You can order beautiful diplomas online if you want one, or if you end up, for some odd reason, needing it. We didn’t. For college, though, you will need a transcript. OR you can send your kids to a local community college, and in two years, they can earn a high school diploma and an AA degree which means they are ready for their final two years at a four-year college. This can save a whole bunch of money! But it wasn’t for us because. . . well. . . I hope I made it clear above how we wanted to spend our high school days learning at home. It wasn’t by doing someone else’s assignments or by preparing for tests.

Let’s see. Anything else? Maybe just a few random notes. We kept up our morning get-together-at-the-table after chores and breakfast because it remained a good jump-start to our days in the high school years. It was time to read the Bible together, to talk about our day, and to do anything we happened to be doing together at the time. Sometimes there were little things we’d do for fun, like for a while, we did a puzzle of the day (we solved them in groups) during that morning time.

The only thing I can think of that we did together for an extended length of time was art history, and it was about as low-key as could be. I had the Cornerstone curriculum and portfolio (the prints are really nice!). We’d keep whatever print we were studying out on display. We learned really just to look quietly and think about the art in our own way, and we were given a very small amount of information/philosophy of the artist and period of art in order to gradually put together a big-picture of art history. It was a very slow-going, easy approach. We had lots of art history books around the house, and we loved visiting art museums when we could. It was the books and museums that contributed the most to the kids’ love of art. And love leads to individual study, which was very much the case with my kids and art history. They all had their little niche of what was interesting and what they loved, and they pursued it on their own.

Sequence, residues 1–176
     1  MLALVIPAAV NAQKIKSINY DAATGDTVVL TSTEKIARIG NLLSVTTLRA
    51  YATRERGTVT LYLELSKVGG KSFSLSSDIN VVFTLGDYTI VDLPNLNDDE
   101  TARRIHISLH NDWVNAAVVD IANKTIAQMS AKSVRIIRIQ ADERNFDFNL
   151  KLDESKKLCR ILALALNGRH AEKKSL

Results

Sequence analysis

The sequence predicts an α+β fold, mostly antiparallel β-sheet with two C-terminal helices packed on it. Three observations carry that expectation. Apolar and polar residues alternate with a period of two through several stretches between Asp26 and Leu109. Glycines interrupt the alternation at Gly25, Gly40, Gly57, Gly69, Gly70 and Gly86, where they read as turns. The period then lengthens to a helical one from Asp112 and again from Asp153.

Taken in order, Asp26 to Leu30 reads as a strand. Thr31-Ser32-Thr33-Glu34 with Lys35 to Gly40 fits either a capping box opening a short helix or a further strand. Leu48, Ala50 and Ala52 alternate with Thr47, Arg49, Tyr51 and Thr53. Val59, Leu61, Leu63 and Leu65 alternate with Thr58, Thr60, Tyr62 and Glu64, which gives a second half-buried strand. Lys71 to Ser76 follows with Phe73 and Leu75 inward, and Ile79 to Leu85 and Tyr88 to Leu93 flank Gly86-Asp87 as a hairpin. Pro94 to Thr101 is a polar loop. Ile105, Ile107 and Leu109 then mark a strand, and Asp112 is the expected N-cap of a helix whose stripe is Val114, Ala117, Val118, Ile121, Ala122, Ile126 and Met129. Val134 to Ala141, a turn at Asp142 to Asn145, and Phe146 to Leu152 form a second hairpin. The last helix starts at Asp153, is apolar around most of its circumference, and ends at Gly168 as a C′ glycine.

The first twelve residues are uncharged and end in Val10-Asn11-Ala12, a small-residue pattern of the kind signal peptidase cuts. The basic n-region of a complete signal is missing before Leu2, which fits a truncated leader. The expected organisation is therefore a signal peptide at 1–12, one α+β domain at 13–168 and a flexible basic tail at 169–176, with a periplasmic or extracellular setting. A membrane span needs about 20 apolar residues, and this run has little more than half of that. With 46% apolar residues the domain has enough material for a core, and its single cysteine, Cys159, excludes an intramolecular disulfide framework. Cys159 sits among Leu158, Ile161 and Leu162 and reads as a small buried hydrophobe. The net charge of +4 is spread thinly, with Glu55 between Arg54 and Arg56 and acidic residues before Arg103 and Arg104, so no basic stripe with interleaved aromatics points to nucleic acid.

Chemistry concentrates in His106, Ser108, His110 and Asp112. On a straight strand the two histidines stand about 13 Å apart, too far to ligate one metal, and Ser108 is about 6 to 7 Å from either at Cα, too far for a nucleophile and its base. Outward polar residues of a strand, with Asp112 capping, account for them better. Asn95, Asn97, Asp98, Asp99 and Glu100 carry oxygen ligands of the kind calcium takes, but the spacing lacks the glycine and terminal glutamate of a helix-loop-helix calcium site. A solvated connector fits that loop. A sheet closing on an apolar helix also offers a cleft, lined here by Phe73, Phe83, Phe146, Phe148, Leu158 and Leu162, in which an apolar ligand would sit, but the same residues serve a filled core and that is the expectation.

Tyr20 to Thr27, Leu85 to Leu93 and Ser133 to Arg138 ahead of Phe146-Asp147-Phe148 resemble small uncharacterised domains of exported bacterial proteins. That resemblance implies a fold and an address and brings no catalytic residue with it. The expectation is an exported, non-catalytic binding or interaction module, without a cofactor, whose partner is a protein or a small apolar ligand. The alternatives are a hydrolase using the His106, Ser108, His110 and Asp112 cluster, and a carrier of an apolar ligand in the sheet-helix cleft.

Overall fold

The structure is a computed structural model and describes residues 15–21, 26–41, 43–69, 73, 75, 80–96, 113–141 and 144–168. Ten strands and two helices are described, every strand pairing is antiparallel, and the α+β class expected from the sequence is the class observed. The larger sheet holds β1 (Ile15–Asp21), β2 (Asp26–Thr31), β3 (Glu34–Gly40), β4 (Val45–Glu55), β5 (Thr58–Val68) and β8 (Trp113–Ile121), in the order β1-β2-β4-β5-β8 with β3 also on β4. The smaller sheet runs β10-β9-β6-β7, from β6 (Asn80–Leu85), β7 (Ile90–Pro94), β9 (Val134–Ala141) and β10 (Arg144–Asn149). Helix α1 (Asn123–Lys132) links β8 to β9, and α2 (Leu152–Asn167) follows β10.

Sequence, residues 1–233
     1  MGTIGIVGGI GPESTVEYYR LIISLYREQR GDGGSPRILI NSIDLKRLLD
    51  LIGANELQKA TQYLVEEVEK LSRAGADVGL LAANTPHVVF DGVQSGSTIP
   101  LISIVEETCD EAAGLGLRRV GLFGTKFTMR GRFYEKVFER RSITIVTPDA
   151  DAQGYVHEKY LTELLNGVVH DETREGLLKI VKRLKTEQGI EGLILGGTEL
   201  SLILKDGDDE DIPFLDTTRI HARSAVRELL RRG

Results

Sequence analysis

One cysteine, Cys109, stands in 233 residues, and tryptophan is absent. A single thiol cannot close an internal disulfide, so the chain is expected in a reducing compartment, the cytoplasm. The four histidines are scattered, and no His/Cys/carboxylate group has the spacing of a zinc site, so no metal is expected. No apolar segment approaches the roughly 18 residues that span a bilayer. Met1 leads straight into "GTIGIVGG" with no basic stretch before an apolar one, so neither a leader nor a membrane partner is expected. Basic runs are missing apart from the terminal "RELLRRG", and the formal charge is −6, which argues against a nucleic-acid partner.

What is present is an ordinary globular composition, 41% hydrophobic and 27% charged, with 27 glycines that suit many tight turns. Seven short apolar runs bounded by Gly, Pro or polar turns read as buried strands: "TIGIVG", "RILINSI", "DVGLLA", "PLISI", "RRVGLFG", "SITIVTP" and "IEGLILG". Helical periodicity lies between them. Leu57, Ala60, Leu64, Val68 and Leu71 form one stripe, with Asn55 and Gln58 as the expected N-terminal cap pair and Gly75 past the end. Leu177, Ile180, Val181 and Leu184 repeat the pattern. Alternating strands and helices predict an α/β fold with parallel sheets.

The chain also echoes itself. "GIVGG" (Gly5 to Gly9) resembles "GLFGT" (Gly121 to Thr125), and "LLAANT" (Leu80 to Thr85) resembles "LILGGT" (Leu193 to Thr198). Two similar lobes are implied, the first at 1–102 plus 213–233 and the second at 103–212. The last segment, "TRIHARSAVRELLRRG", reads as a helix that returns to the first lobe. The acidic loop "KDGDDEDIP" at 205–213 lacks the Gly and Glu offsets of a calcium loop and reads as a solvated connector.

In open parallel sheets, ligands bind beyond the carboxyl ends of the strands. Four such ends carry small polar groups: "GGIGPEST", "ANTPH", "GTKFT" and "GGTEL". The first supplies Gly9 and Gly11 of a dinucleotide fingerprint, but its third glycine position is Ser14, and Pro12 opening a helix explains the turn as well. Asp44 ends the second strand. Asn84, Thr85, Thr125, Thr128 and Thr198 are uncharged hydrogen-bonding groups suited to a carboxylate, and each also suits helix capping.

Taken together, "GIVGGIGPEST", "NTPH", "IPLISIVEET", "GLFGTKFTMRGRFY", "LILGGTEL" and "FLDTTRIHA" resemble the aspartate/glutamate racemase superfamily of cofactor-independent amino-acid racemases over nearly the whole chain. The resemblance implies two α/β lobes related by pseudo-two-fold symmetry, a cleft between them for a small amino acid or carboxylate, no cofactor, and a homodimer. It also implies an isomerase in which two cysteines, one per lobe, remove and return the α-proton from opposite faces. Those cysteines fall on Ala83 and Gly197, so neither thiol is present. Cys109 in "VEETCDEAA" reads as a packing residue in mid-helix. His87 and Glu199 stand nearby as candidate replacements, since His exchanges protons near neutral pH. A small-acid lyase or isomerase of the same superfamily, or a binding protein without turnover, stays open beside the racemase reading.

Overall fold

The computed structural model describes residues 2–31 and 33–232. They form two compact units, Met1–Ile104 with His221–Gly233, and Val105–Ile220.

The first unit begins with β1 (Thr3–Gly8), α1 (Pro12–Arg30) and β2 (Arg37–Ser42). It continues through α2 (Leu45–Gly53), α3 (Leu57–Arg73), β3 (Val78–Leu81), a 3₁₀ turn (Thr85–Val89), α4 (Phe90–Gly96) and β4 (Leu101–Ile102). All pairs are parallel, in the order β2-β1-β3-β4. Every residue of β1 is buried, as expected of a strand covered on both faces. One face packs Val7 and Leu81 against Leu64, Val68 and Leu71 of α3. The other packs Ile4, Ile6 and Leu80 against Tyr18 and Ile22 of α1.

I think this is quite long enough! Haha. When I think I’m going to be brief, I can’t help be windy and confusing! I hope you can get something out of this post because I really don’t have time to edit it. And I hope it clears some things up and answers some questions regarding our high school homeschool. (Gosh, we had fun!)


  1. Hah! Now I am ecstatic. I was SO HOPING you would post more about high school, but I couldn't figure out what exactly I wanted to ask!

    Thank you!!

    You don't know me, I'm sure, since I don't think I've ever posted on your blog before, and I a few times wanted to email you but couldn't figure out how. I'm a home educating mama of 8 (in my 25th year). So I'm an expert, right? I've graduated 4 (oldest is 30), and the 5th is taking a "post-graduate year," so I should know ALL about it.

    But somehow, the later batch of children is different than the earlier batch, and I want to do things differently. I actually am very happy with what we did with the first 4 to 5 -- mostly -- BUT it doesn't seem right for the youngest 3 (all girls, the oldest of whom will be in high school next year).

    And I have really enjoyed musing over what you have done. Thank you SOOOO much!


  2. I always love reading about other people's homeschooling journeys. Ours lasted about 16 years and took many different directions. My two boys were very cooperative and used more of a textbook approach. Then we got more eclectic and relaxed and when my daughter came along she decided she wanted to be an unschooler and do 4-H, taekwondo, gymnastics, volleyball and anything that allowed her to run around. She also did public school in 10th and 12th grades, which forced her to do some catch-up, but she wanted to graduate with all of the girls she had played sports with since 7th grade!